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article imageSeafood fraud: Old tricks may soon be foiled by new technology

By Elizabeth Cunningham Perkins     May 28, 2011 in Business
An advocacy group launched a new campaign against seafood fraud. But experts say baiting and switching is old business as usual in the U.S. fish market, with a high percentage of imported products and only tiny percentages inspected for quality and fraud.
Oceana, an international advocacy group that says its mission is protecting our oceans, announced the "Stop Seafood Fraud" campaign on Wednesday in Washington, D.C. at the National Press Club. At the press conference, industry experts explained how seafood fraud, the deliberate substituting of lesser value or quality products, hurts the world's oceans, as well as customers, no matter what form the practice takes: adding extra ice to packaging, falsifying documents or mislabeling fish.
The group claims seafood consumers in the United States are served fraudulent fish as a matter of course, often eating species completely unrelated to the ones they pay for, despite increasing concern about food sources, as more people want to "go greener" and grow healthier.
Consumers should not have to verify independently what fish they are buying, out of the 1,700 or so entering the U.S. market from all around the world, following hundreds of paths from boats to plates, Oceana insists. The group wants the federal government to do a better job of it, through better enforcement of existing laws, facilitated by better communication and greater coordination among all the federal agencies involved with the complex seafood supply chain.
In a written statement, Stephen Vilnit of the Maryland Department of Natural Resources summed up the group's central message: “Seafood fraud can happen at many steps in the supply chain. There are no longer any excuses for seafood fraud. We’ve got the technology to trace our seafood – and that’s good for everyone from the fisherman to the consumer.”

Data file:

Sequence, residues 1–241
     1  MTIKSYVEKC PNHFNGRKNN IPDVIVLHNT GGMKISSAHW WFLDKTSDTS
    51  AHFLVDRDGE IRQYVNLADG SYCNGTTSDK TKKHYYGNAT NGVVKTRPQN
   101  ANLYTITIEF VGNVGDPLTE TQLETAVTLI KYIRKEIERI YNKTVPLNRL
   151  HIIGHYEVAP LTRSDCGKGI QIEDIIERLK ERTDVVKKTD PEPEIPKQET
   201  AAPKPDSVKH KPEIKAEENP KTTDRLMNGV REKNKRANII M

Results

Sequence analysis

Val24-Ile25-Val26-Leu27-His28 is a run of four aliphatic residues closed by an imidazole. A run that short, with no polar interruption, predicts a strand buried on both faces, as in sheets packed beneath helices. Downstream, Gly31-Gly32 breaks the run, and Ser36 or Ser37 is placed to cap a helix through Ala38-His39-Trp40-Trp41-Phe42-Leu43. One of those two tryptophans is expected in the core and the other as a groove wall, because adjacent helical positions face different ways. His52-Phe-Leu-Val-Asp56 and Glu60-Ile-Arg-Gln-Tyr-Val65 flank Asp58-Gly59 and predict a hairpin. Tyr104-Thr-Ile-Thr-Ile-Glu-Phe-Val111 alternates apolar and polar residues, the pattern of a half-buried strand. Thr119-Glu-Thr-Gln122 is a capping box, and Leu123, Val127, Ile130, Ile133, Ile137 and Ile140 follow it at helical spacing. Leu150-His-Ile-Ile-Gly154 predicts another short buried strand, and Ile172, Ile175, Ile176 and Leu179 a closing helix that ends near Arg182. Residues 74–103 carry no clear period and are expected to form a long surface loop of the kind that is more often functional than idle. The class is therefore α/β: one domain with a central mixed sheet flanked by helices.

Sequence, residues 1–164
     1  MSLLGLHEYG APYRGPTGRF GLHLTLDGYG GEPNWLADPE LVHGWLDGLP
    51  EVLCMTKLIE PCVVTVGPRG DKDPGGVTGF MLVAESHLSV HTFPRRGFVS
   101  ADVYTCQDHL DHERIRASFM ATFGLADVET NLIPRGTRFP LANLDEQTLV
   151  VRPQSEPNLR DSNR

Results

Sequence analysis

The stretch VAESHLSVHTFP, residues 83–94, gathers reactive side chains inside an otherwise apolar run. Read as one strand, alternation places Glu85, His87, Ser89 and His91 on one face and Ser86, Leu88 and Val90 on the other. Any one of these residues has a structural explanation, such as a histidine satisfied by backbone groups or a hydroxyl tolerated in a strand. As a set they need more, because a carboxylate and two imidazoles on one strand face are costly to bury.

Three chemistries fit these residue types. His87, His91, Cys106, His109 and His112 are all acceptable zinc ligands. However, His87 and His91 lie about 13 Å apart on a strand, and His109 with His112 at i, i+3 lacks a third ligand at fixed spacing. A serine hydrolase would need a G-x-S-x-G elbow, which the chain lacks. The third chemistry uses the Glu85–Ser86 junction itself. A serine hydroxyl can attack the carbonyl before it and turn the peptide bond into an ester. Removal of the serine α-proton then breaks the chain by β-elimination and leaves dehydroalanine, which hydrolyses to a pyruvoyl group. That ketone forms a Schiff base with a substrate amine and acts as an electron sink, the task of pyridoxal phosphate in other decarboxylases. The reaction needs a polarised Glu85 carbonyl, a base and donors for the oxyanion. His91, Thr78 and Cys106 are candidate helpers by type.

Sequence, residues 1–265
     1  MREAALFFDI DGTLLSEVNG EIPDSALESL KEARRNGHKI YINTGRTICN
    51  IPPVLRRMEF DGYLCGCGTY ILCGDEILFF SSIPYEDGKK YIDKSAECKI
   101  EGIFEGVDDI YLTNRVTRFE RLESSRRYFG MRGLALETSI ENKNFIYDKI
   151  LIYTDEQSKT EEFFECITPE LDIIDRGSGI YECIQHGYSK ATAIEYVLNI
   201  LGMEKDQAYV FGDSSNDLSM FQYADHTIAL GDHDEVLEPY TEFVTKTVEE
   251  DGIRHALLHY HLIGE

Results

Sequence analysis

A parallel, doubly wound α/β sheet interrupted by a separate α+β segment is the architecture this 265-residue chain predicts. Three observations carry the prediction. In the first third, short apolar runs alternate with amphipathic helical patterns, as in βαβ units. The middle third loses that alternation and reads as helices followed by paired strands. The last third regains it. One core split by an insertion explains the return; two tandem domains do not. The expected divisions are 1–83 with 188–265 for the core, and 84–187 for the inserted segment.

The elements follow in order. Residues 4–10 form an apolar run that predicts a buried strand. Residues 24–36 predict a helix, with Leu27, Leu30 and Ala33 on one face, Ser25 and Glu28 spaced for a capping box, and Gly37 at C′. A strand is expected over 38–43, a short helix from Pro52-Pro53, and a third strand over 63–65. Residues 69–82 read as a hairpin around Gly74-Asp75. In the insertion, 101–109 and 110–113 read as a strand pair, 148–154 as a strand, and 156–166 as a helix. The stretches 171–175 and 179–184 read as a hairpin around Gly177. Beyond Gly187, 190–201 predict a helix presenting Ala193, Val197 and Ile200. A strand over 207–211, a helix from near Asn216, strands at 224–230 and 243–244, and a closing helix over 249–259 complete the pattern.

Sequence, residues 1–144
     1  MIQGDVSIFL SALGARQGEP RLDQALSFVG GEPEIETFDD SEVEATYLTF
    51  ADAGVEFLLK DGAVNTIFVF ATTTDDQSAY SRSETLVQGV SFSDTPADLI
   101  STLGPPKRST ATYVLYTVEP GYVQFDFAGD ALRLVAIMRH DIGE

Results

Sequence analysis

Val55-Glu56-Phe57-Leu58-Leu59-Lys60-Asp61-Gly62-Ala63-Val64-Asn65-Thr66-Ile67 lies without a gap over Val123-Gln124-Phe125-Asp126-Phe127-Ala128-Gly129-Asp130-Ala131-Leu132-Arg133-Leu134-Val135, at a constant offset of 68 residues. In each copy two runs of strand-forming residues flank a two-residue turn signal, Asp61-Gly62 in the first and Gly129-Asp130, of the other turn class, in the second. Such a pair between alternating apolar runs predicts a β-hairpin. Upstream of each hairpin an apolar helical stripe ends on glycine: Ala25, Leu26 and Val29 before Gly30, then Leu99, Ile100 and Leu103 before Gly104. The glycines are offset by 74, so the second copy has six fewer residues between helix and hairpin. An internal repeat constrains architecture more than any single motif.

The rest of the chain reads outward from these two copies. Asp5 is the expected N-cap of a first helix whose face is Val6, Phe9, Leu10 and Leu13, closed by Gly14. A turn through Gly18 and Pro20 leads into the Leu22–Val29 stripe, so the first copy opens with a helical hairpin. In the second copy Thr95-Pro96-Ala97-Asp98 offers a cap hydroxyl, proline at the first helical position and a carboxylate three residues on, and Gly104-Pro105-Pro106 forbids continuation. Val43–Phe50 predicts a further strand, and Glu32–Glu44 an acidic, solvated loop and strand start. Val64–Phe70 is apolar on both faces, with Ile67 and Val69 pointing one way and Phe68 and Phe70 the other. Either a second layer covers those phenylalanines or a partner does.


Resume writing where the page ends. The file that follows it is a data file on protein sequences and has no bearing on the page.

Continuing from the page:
Oceana's full report about the new campaign is available for download in PDF format on the group's website.
An article by Jennifer L.Jacquet and Daniel Pauly of of the University of British Columbia published in the journal Marine Policy (Issue 32, June 2008) lists the most commonly mislabeled and renamed seafoods: Slimehead was renamed Orange roughy; Black rockfish is mislabeled Red snapper; Spiny dogfish was renamed Rock salmon; Farmed salmon is mislabeled Wild salmon; Patagonian toothf“ish was renamed Chilean sea bass; and the list goes on. The authors say the most compelling motive for renaming and mislabeling seafood with more appetizing or pricier aliases is financial gain, while the economy and the environment suffer losses from this common "trade secret" practice.
But the new technology of DNA bar coding can relatively easily and quidkly reveal what species a fish is, regardless of its label or nickname; testers enter tissue samples into the Bar Code of Life Data Systems to trace the true identities of fish, ScienceDaily reports.
Information published on the USDA website indicates DNA bar coding is more reliable than visual and protein banding methods of seafood identification.
Still, a paper on the University of Florida's Electronic Data Information Source describes the complexity of U.S. government food regulating: All 15 departments under the Executive Branch and dozens of government agencies under them touch at least one link of the seafood supply chain.
Will the appointment of a "fish czar" be necessary to streamline government enforcement of correct fish labeling?
More about fish fraud, seafood fraud, mislabeled fish, mislabeled seafood, Fish
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